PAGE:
However, one wishes that there was deeper psychological insight into the characters to lift the stories above the ordinary. This is where they fall short, becoming mere descriptions rather than explorations of the characters’ inner selves. As the plots become complex the characters fail to keep pace.
One story that arrests the reader’s attention is Laburnum for my Head. It is about a widow’s fascination for the Laburnum tree (‘Amaltas’ in Hindi) to the extent that she wants it to be planted on her grave instead of having the customary tombstone of marble or granite. The story cocks a snook at all human aspirations of attaining immortality. The writer says, “This consecrated ground has thus become choked with the specimens of human conceit`85 . But nature has a way of upstaging even the hardest rock and granite edifices fabricated by man.” Lentina, the protagonist, is enchanted with this tree because she associates it with femininity and humility, unlike the garish gulmohars with their bright orange flowers. She goes to great lengths to fulfil her wish, antagonising her children and her kith and kin in the process. It is beautiful story, narrated with a great deal of tenderness and compassion.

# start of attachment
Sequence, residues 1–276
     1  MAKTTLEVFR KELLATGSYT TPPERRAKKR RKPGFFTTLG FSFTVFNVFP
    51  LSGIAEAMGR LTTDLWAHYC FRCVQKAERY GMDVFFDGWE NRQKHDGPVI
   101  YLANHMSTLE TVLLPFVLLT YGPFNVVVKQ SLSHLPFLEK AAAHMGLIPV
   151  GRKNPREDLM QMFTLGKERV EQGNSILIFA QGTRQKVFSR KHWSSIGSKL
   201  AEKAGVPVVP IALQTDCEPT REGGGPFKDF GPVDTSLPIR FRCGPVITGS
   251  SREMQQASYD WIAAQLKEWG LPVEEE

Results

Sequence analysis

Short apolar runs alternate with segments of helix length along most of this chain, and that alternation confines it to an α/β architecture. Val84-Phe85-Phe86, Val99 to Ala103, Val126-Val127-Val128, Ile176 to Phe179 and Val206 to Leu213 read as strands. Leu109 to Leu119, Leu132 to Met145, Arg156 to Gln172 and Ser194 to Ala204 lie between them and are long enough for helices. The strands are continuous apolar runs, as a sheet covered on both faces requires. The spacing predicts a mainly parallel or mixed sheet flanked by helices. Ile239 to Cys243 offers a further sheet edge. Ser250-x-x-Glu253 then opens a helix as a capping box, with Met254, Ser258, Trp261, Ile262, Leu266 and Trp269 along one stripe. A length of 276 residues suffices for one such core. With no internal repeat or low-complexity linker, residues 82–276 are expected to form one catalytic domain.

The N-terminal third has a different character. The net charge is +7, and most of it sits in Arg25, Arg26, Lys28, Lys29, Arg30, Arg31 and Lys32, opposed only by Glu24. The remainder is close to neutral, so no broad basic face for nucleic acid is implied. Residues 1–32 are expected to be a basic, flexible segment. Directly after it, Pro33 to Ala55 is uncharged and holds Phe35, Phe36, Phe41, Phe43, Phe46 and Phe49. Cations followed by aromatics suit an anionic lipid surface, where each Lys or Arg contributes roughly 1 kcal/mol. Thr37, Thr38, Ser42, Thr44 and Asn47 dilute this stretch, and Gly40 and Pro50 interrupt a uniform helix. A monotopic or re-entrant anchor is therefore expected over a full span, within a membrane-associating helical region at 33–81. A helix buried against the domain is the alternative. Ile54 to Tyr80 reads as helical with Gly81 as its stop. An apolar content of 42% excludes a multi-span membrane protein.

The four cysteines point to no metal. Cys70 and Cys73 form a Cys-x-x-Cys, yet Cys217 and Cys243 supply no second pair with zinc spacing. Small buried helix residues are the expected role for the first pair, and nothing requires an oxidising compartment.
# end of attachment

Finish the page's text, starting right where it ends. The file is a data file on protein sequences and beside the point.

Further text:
The last story, Flight, is somewhat reminiscent of the creative writing tasks given in one’s school days. Written in the first person, it tracks the journeys of a caterpillar and its captor, a boy who is terminally ill. One is metamorphosing towards becoming a beautiful butterfly; the other is moving inexorably towards death. It is a moving metaphor of flight that could have been more nuanced and reflective.